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J Womens Health (Larchmt). 2010 Mar;19(3):533-46. doi: 10.1089/jwh.2009.1506.

A qualitative study of faculty members' views of women chairs.

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School of Medicine and Public Health, University of Wisconsin-Madison, Madison, Wisconsin, USA.



Concurrent with the evolving role of the department chair in academic medicine is the entry of women physicians into chair positions. Because implicit biases that stereotypically masculine behaviors are required for effective leadership remain strong, examining faculty members' perceptions of their chair's leadership in medical school departments with women chairs can provide insight into the views of women leaders in academic medicine and the complex ways in which gender may impact these chairs' leadership style and actions.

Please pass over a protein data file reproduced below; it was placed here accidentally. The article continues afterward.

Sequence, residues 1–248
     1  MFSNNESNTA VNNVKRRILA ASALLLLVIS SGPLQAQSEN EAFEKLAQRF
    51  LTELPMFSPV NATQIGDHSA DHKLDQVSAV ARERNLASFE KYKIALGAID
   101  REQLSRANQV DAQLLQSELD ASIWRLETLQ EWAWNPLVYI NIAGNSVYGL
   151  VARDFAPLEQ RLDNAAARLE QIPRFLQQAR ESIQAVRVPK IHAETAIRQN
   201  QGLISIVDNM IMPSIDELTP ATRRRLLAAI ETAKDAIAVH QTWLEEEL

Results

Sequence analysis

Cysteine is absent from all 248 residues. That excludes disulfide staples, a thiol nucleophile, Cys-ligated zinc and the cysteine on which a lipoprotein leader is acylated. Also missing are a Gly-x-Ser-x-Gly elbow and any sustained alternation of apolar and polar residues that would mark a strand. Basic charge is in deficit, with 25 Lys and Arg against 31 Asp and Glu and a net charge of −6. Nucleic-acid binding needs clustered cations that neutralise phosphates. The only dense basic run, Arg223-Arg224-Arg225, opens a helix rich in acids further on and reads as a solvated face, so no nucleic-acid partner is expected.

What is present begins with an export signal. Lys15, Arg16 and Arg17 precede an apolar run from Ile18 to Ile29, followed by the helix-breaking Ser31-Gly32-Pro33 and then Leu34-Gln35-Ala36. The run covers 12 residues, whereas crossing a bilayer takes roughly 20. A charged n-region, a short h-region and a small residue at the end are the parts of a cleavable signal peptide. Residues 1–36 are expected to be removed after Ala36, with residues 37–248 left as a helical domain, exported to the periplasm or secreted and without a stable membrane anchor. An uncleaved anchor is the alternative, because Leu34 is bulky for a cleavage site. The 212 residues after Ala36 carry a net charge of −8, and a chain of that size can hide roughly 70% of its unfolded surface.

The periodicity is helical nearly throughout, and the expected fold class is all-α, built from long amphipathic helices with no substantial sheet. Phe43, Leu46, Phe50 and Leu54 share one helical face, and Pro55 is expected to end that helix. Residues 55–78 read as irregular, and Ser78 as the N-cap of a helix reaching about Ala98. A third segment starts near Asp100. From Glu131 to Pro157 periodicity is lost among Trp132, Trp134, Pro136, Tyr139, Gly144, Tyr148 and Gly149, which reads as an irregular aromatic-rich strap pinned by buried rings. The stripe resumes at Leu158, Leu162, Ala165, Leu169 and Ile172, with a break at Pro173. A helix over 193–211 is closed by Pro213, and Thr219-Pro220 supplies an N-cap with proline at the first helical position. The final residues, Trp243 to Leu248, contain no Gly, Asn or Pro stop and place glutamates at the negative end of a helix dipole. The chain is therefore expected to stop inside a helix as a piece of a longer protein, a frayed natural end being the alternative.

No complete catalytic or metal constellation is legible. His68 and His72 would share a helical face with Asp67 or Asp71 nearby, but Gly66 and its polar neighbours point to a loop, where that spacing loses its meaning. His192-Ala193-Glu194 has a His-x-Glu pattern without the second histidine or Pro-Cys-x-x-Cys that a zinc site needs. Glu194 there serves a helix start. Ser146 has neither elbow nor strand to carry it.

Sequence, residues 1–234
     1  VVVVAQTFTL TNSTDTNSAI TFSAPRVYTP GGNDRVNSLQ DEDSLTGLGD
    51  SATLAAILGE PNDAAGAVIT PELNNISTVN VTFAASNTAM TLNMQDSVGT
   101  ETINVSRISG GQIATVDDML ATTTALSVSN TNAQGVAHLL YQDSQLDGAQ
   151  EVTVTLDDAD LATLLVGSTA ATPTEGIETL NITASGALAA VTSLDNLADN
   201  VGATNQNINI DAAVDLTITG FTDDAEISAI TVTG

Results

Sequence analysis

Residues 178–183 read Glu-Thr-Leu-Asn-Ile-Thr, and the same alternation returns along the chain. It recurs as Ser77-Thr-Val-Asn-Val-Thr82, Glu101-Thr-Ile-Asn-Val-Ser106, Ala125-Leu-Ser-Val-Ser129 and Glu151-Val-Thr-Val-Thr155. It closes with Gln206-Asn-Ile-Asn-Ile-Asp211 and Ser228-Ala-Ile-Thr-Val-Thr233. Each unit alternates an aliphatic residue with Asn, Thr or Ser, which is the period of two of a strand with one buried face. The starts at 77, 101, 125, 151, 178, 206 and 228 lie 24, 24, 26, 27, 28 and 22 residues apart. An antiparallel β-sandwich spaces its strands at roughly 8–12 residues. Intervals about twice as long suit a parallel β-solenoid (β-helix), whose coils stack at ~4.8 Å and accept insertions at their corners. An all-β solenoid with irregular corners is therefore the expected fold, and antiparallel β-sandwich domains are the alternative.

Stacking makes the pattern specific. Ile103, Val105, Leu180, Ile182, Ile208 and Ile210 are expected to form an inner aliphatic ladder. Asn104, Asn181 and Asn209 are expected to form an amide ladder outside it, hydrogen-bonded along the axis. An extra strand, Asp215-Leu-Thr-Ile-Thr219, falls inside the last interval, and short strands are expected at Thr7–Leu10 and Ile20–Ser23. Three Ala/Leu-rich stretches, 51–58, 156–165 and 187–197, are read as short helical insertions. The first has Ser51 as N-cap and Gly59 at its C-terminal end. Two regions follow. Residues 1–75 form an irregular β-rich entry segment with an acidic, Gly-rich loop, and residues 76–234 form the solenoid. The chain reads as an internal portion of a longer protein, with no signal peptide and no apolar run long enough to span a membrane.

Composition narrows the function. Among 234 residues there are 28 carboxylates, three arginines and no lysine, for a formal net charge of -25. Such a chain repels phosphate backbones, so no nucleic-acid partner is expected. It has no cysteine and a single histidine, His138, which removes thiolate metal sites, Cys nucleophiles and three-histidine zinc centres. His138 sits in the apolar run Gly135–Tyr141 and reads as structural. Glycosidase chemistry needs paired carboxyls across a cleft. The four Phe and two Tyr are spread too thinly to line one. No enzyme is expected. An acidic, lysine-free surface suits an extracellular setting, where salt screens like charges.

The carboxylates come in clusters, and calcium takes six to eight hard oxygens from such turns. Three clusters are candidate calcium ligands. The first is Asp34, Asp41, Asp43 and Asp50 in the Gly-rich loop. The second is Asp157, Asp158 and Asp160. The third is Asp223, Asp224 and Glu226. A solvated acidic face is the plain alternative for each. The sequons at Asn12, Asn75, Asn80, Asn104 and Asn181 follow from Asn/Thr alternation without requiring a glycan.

We conducted semistructured interviews with 13 male and 15 female faculty members representing all faculty tracks in three clinical departments chaired by women. Inductive, qualitative analysis of the subsequent text allowed themes to emerge across interviews.


Four themes emerged regarding departmental leadership. One dealt with the leadership of the previous chair. The other three described the current chair's characteristics (tough, direct, and transparent), her use of communal actions to help support and mentor her faculty, and her ability to build power through consensus. Because all three chairs were early in their tenure, a wait and see attitude was frequently expressed. Faculty generally viewed having a woman chair as an indication of positive change, with potential individual and institutional advantages.


This exploratory study suggests that the culture of academic medicine has moved beyond questioning women physicians' competence to lead once they are in top organizational leadership positions. The findings are also consonant with experimental research indicating that women leaders are most successful when they pair stereotypic male (agentic) behaviors with stereotypic female (communal) behaviors. All three chairs exhibited features of a transformational leadership style and characteristics deemed essential for effective leadership in academic medicine.

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